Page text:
December 09, 2020
President Donald Trump reportedly asked the speaker of the Pennsylvania House of Representatives twice in the past week to help reverse Joe Biden's win in the state — yet another attempt by the president to undermine the 2020 election results.
Pennsylvania is the third state where Trump has pressured politicians and other officials to support his baseless claims that voter fraud caused him to lose the November election, the Washington Post reported. He also has tried to influence officials in Michigan and Georgia.
Pennsylvania State Rep. Bryan Cutler, a Republican who represents parts of Lancaster County and is the Pennsylvania Speaker of the House, confirmed these calls with the president, saying he informed Trump that the legislature has no power to overturn certified election results.
"The president said, 'I'm hearing about all these issues in Philadelphia, and these issues with your law,'" Cutler's spokesman Michael Straub told the Post.
Cutler reportedly explained to Trump how allegations of fraud would have to be proven in court, and Straub said the president did not pressure Cutler in a "hostile" way during these calls.
Still, Cutler is among 60 Republican state lawmakers who signed a letter asking members of Pennsylvania's congressional delegation to object to the state's own electoral votes when Congress is back in session.
Among Pennsylvania's U.S. congress members, it appears that so far, at least one will comply with this request – U.S. Rep. Scott Perry, the Republican representing the 10th District, which covers Dauphin County and parts of Cumberland and York counties.
"My concerns are that we don't know if this was a fair and free election and that we don't know if fraud was committed," Perry told the Washington Post.
In an interview with LancasterOnline this week, Cutler said the letter is intended to keep options open while court cases are resolved.
"All it does is make them question (the results)," the congressman said. "That's it. That's important, because while our electors are certified, there's still some ongoing litigation that should be considered should something change."
In the letter, lawmakers argue that eased election restrictions due to the COVID-19 pandemic "undermined the lawful certification" of electors. This effort would need support from both the U.S. Senate and the Democrat-controlled House, which is unlikely.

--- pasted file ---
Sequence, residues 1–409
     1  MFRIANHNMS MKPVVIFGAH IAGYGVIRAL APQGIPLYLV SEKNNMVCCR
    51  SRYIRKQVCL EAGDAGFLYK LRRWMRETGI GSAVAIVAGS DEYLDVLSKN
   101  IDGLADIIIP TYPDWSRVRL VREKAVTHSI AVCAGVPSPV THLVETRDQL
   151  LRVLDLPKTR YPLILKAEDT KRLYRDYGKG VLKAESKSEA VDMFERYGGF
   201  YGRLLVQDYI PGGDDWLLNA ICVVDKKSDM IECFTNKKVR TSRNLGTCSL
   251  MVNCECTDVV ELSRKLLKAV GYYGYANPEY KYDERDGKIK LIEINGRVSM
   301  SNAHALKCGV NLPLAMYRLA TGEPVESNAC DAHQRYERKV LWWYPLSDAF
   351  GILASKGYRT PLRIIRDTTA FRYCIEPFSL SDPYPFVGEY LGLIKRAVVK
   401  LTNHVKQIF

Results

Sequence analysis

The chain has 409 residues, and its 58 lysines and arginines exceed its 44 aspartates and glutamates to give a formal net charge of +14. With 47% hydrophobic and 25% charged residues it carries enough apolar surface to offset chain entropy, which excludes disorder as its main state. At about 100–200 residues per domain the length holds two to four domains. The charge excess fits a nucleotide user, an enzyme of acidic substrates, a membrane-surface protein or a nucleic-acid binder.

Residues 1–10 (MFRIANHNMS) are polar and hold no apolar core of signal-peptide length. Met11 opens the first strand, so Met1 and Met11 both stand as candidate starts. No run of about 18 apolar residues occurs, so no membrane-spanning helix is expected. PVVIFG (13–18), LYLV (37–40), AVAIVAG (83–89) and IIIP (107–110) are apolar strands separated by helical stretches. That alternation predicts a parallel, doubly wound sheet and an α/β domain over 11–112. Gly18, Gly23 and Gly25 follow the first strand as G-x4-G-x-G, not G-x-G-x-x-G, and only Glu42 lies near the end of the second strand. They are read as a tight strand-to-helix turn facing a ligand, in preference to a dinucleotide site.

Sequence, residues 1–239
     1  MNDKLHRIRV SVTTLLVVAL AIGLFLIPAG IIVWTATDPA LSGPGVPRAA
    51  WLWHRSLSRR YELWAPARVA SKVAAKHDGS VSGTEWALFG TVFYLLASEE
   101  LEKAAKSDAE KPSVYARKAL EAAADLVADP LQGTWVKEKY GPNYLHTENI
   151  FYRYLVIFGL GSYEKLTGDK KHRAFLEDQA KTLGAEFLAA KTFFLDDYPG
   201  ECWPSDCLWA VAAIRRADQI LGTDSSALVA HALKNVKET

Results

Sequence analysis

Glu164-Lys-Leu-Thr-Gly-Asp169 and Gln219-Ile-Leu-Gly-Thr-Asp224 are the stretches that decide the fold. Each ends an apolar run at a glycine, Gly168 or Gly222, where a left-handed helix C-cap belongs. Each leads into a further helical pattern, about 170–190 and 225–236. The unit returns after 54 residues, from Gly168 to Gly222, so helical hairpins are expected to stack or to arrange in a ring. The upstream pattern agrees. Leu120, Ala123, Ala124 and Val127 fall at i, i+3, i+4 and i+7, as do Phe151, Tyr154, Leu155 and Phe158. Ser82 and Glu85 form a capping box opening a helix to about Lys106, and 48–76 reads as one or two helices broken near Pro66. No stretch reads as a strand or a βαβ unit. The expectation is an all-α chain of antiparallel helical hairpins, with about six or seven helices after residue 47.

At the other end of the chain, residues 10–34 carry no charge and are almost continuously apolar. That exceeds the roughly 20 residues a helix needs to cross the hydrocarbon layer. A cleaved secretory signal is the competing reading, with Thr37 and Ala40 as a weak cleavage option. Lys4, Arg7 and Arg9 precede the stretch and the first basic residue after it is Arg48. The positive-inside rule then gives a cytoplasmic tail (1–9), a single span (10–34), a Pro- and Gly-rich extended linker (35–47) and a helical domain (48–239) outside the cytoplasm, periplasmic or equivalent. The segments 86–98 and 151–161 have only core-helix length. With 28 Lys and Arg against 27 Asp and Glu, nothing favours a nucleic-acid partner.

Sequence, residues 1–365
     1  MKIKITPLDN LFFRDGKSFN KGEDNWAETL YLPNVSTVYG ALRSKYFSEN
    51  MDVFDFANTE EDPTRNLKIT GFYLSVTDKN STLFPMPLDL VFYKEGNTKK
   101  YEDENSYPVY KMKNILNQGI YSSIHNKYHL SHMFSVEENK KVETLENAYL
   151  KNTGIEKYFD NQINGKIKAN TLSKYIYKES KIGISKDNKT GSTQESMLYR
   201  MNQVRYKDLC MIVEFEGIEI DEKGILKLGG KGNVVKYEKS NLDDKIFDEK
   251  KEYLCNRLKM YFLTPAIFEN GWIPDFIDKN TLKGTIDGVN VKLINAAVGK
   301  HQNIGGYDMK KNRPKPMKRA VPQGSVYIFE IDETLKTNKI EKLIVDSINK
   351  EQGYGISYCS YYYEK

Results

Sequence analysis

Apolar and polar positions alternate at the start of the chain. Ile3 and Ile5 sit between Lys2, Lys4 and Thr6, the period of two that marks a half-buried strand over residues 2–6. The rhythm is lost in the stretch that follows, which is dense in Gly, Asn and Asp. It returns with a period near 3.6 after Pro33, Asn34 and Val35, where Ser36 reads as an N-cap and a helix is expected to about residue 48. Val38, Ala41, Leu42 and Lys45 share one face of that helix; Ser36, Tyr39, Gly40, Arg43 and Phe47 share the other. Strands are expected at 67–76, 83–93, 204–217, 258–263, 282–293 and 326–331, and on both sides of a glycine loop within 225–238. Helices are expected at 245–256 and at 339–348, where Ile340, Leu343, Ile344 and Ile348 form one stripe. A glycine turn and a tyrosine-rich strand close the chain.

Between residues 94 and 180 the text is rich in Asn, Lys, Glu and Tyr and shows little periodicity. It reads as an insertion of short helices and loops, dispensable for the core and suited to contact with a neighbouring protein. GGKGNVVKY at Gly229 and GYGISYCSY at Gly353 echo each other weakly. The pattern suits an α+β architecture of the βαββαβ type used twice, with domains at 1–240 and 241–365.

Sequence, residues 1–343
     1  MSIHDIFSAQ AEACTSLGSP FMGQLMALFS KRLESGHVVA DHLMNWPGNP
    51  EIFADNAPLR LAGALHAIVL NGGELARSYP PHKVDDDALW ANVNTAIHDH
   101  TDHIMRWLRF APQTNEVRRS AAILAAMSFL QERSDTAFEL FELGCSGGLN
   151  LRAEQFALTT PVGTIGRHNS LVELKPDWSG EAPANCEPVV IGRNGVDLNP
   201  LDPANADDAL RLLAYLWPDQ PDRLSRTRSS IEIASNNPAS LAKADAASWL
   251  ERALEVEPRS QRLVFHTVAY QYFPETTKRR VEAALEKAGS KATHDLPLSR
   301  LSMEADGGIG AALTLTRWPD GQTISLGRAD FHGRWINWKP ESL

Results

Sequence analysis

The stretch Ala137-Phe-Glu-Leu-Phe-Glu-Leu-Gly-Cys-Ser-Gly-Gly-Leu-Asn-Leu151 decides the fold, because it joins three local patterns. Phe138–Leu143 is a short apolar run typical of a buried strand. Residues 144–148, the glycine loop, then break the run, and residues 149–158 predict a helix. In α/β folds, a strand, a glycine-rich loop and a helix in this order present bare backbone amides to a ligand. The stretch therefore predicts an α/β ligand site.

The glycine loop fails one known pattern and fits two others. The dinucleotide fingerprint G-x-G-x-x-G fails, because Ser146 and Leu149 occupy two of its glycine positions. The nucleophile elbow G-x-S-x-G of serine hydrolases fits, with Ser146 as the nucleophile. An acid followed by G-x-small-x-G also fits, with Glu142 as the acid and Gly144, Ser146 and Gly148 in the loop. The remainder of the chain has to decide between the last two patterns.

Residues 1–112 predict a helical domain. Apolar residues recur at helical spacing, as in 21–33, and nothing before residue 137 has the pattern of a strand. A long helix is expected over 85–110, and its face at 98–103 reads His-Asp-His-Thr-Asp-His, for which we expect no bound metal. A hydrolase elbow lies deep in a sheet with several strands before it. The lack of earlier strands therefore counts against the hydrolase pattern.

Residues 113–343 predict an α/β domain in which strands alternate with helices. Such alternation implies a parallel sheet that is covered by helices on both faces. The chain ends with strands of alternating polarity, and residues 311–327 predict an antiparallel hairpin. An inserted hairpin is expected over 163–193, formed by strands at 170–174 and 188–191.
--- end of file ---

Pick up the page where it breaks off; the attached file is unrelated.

The General Assembly is not back in session until Jan. 6, and only Gov. Tom Wolf or a court has the power to order a special session before then. Cutler is up for re-election on Jan. 5, where he faces substantial pressure.
Cutler joined the other GOP leaders of the legislature to push Wolf to audit election results and figure out how to fix problems with mail-in ballots. However, Cutler and fellow Republican colleagues highlighted that the legislature could not intervene to overturn election results, LancasterOnline reported.
One week after Wolf certified Biden's win in Pennsylvania., Cutler posted on Facebook, explaining that the state legislature could not act on a resolution to delay that certification due to the state constitution.
On Monday, Culter again posted to Facebook, stating that the congressional delegation "does not call for 'rival electors' or overturning any results of the popular vote," but instead a delay in counting Pennsylvania's electoral votes until all legal challenges are resolved. Cutler called it a "pause button."
This comes after Trump lost several legal challenges in both Pennsylvania state and federal courts, all the while maintaining his baseless claims of widespread election fraud.
At a rally for two Republican Senate candidates in Georgia, Trump spoke on election fraud for nearly two hours, the Post reported.
"We will find that hundreds of thousands of ballots were illegally cast in your state and all over the country, by the way, more than enough to give us a total historic victory," Trump said at the rally. "This is our country … they are trying to take it from us through rigging fraud, deception and deceit."